<p>I<br>love your videos. Very educational. I&rsquo;m 59 years young and have been working<br>with wood since (I was) 10 to 12 years old, but never had anyone to educate me.<br>Then, thanks to computers, I can (now) learn something right. It&rsquo;s a shame to<br>see that some (of these) experiences will never be passed on to the younger<br>gen. You can see some tips at my blog below:</p><p><a href="http://woodworkingbuddy.com/" rel="nofollow">http://woodworkingbuddy.com/ </a> </p>
Nice blog, thanks!
What an Amazing project!<br>I am very interested to buy your plans, but before i need to know how does it cost to build one.<br>1/ for the 3D router<br>2/ and also for the router and saw table.<br>If it's thousands of dollars it will be difficult for me :(<br>3/ And at last, wich tools did you used... <br>If i need to buy new tools i will cry (and scream...)<br>Thank you<br>(Sorry if my english is not that good... I'm french ;-))
<p>I wish tool companies would apply the same ingenious designs to use tool stands like this instructable in their product lines. Simply awesome design and use of home tools to get their best uses. Will be building this soon and see multiple uses for this design. Fantastic design and excellent construction thanks</p>
<p>Yes, he has a realy nice home made easy to operate router wood working machine. I actually signed up to go Pro so I could down load the plans. Well, come to find out you need to purchase the plans for around $16 U.S. OK , I thought sure I can do that but one big hurdle. Paoson Luthier is asking way to much personal information, like Name, Address, Date of Birth. He should only have to ask for my PayPal account #, nothing else. (Which is all he will accept for payment). With all that pertinent information he could set up a PayPal account using my data and then I would most likely get all his bills. I never have heard of such a thing in my nearly 35-40 years of being on the internet. It is a wonder that he did not ask for my social security account.</p><p>And to top it off, I tried to contact Instructables and you get nowhere. Even the credit card Co. has a 510 area code + number and what does that get you, a voice mail to go to the web and type in Service@instructables.com. Which in turn gets you no where.</p>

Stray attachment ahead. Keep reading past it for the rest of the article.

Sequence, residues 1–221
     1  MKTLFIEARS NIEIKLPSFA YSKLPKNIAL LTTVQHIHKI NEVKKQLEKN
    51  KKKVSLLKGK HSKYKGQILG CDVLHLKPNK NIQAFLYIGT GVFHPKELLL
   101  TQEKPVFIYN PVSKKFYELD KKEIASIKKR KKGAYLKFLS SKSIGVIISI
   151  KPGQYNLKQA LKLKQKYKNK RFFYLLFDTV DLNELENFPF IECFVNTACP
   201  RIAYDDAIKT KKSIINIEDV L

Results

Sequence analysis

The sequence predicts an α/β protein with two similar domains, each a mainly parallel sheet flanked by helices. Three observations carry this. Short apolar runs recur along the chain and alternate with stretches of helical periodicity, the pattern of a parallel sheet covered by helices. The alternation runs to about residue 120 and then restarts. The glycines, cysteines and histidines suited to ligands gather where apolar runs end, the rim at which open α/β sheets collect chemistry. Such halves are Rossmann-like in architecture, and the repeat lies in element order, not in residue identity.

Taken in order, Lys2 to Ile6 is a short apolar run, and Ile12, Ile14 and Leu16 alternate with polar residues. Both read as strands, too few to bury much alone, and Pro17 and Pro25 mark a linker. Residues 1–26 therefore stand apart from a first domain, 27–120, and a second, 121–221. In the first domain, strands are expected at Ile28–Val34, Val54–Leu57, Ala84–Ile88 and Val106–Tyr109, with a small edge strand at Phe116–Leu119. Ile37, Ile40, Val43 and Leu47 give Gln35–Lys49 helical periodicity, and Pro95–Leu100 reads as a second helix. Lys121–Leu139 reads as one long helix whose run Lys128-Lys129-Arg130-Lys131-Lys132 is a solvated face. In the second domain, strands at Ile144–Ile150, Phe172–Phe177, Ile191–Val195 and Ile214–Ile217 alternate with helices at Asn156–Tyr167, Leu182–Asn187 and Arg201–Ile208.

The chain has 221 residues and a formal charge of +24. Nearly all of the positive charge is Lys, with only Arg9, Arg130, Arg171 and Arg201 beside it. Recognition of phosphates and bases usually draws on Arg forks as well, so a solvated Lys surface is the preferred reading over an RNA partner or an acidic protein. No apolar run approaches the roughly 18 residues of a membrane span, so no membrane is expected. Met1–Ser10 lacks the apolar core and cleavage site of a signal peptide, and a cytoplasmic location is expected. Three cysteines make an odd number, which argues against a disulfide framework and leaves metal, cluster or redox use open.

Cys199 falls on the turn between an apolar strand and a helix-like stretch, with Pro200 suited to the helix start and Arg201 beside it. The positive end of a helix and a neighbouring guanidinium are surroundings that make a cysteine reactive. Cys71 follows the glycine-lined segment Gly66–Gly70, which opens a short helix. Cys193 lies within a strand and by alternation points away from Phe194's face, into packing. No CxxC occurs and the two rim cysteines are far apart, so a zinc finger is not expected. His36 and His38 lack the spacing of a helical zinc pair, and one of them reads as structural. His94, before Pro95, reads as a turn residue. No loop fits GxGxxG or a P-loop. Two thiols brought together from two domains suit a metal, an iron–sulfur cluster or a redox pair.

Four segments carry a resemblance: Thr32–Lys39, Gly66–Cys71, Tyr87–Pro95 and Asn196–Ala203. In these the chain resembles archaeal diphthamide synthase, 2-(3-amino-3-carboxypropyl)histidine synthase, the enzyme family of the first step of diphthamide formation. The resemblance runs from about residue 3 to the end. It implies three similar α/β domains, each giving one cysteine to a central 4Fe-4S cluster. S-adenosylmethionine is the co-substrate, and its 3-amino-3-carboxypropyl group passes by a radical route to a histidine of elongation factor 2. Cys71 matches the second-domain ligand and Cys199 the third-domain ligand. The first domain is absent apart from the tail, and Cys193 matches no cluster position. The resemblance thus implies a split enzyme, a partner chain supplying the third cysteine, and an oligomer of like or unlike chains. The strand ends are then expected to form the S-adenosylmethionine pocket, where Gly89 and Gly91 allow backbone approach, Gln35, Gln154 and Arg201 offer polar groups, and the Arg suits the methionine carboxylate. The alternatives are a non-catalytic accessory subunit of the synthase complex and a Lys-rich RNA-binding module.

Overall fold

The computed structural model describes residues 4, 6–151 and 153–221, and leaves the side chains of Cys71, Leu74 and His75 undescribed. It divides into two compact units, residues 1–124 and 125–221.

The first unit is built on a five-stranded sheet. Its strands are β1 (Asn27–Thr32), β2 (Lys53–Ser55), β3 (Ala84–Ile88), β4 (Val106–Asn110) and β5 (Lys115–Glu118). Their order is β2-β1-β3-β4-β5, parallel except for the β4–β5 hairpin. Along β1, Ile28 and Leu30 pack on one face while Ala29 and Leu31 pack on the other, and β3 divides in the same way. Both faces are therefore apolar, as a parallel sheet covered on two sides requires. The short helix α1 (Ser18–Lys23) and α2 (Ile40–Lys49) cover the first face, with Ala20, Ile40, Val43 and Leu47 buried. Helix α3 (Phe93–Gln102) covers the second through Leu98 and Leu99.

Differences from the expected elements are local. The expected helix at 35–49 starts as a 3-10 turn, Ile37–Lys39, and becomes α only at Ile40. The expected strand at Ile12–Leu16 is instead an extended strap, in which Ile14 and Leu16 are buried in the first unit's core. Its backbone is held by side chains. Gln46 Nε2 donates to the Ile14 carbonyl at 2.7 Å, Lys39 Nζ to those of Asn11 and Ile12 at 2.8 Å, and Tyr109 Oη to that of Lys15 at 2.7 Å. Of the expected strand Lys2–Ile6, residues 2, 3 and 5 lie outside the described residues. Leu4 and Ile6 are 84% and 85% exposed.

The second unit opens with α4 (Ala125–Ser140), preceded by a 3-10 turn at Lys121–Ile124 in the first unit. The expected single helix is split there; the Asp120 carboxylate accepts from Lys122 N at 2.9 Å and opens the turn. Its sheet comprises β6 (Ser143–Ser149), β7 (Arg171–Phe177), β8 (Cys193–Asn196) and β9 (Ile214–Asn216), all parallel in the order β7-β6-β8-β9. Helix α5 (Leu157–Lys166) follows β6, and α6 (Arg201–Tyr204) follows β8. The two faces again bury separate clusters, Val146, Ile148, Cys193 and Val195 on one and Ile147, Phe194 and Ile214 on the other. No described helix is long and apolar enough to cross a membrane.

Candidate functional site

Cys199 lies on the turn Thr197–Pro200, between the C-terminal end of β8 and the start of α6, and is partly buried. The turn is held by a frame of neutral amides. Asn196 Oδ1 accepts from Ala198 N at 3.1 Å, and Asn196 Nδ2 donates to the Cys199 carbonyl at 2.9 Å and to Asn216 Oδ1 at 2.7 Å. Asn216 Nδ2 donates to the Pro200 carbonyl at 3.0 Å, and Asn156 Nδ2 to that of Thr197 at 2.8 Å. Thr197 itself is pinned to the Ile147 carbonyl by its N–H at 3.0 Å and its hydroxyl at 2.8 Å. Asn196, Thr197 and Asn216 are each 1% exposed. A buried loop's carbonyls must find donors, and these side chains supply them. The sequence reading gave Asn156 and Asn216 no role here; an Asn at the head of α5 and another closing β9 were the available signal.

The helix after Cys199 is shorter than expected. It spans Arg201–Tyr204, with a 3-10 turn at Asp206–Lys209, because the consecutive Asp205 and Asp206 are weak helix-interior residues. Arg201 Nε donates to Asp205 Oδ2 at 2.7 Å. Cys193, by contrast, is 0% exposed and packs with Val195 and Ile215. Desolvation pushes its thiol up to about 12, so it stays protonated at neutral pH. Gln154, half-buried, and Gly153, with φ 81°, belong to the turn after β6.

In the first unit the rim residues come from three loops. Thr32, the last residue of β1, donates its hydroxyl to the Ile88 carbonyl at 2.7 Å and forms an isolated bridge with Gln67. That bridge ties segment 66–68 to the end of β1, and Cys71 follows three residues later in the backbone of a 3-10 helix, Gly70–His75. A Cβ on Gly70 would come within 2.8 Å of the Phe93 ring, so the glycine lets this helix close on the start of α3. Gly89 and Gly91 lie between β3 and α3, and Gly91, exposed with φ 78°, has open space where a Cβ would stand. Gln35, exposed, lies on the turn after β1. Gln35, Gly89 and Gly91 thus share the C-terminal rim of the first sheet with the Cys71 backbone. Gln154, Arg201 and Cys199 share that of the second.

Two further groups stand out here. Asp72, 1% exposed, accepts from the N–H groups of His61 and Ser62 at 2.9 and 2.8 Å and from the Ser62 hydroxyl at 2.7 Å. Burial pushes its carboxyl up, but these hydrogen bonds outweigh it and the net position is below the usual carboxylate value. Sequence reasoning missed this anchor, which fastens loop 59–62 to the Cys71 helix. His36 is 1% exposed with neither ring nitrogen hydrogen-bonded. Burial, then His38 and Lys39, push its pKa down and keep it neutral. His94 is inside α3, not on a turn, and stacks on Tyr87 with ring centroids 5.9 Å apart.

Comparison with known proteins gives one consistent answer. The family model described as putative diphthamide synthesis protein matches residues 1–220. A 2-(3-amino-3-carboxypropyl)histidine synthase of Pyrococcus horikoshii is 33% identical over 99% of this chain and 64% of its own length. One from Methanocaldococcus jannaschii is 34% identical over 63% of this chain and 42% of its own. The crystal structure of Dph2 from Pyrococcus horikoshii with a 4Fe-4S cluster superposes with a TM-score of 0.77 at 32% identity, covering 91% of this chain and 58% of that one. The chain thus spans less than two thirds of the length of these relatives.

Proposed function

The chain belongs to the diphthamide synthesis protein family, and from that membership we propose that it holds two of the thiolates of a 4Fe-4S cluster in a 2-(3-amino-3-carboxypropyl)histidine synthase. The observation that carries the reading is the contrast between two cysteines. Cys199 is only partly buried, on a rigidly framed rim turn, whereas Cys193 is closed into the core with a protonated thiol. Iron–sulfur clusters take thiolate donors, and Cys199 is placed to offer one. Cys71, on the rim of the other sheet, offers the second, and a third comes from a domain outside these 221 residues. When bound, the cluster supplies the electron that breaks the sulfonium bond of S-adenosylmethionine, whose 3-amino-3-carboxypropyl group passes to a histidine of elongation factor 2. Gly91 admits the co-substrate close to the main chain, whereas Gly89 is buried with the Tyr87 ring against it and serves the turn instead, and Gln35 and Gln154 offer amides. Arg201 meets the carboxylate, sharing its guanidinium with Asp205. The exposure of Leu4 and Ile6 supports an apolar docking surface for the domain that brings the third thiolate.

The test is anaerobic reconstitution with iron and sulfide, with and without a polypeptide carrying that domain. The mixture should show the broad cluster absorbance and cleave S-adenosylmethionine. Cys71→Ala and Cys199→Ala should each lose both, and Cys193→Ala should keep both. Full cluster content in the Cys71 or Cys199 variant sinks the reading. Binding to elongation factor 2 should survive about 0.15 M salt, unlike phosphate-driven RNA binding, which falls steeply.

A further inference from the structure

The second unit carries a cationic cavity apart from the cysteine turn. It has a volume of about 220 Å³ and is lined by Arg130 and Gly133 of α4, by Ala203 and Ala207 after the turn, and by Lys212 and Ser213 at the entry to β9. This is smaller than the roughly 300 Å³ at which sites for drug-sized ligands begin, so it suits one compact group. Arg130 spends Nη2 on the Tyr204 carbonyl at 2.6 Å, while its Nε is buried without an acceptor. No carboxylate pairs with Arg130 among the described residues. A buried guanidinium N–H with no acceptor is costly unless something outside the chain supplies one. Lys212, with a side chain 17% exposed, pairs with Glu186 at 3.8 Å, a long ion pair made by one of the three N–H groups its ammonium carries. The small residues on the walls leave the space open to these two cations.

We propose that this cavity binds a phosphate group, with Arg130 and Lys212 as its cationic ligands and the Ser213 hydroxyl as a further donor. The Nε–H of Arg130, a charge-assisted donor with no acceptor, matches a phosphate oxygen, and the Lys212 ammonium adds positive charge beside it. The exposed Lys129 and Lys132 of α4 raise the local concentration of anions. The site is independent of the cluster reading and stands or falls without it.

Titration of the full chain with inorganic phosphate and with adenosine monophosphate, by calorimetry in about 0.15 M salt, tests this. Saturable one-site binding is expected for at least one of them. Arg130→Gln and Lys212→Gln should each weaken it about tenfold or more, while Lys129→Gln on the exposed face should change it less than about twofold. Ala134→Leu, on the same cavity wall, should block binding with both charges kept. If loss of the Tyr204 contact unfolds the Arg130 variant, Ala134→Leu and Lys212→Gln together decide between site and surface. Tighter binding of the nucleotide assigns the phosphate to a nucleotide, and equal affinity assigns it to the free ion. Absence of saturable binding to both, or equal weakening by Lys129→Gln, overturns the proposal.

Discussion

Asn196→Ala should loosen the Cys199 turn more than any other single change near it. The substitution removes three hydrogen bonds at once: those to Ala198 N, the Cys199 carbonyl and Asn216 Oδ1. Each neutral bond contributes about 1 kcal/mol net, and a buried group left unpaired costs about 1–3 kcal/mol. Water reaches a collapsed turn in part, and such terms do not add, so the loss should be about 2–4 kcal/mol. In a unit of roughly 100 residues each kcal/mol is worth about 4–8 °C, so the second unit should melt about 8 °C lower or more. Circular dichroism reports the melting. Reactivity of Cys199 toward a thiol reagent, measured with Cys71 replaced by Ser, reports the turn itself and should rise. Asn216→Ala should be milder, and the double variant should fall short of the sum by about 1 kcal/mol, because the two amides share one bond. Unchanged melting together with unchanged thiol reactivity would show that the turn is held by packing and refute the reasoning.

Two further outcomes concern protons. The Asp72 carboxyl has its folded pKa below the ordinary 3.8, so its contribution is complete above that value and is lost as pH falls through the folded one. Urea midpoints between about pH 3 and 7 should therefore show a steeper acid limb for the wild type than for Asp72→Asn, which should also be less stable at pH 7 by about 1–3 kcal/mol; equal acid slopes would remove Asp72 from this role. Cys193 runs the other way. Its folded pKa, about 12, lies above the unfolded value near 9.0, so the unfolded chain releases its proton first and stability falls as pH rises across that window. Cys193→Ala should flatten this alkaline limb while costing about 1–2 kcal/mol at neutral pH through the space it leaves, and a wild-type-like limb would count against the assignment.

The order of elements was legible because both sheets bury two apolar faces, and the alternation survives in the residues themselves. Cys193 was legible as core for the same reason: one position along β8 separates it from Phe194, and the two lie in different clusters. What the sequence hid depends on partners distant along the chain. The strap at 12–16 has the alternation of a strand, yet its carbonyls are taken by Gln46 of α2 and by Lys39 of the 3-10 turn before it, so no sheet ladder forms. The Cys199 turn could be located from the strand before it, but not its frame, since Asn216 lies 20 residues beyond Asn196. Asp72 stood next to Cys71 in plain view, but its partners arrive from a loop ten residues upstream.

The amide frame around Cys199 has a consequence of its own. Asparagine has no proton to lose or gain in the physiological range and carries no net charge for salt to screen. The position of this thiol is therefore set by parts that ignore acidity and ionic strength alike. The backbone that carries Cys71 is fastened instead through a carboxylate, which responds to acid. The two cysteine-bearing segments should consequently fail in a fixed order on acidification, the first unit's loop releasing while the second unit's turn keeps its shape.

<p>Hi DarrylGF,</p><p>Please check your email for a response from Instructables HQ. Thank you for being a part of our community!</p>
Outstanding work! <br>I think I've found my next project!
<p>This is extremely cool, but haven't you just re-invented the ShopSmith? These are in fashion these days (first made in the 1950's and 1960's). You used to be able to buy them for a song. Today a new one is $4k, but used ones are all over eBay for $400-600. </p><p><a href="http://www.ebay.com/sch/i.html?_sacat=0&LH_BIN=1&_nkw=shopsmith%20mark%20v&_udlo=430&_udhi=680&_trksid=p2045573.m1684.l5986" rel="nofollow">http://www.ebay.com/sch/i.html?_sacat=0&amp;LH_BIN=1&amp;_...</a></p>
<p>Hello Dave, I did not know that tool, but it seems very versatile! thanks</p>
<p>Cool tool, but haven't you just re-invented the ShopSmith? These originated in the 1950's, but are still built/sold new (at ~$4k) or are all over eBay for $400--$600. I got my first one by out-living my dad (who bought it new in 1959), but got my second for free, standing on the sidewalk in my neighborhood with a &quot;free to good home&quot; sign on it. ;-) http://www.ebay.com/sch/i.html?_sacat=0&amp;LH_BIN=1&amp;_nkw=shopsmith%20mark%20v&amp;_udlo=430&amp;_udhi=680&amp;_trksid=p2045573.m1684.l5986 Also: http://www.shopsmith.com</p>
<p>Отличная идея и воплощение в жизнь!!!</p>

About This Instructable




Bio: My name is Suso Caamanho. I like doing all sorts of stuff related to musical instruments, woodworking, computer science, electronics... On my website you will ... More »
More by Paoson Woodwork:How to turning a Pepper Mill Turning an Olive Wood Bowl How to make a simple Height Gauge  
Add instructable to: